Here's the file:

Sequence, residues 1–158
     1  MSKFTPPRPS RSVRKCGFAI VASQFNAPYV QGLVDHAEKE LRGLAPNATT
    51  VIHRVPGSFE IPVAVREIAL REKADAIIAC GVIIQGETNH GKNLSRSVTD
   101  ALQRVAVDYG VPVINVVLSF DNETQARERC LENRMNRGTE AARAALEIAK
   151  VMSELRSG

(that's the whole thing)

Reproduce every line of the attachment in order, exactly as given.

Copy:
Sequence, residues 1–158
     1  MSKFTPPRPS RSVRKCGFAI VASQFNAPYV QGLVDHAEKE LRGLAPNATT
    51  VIHRVPGSFE IPVAVREIAL REKADAIIAC GVIIQGETNH GKNLSRSVTD
   101  ALQRVAVDYG VPVINVVLSF DNETQARERC LENRMNRGTE AARAALEIAK
   151  VMSELRSG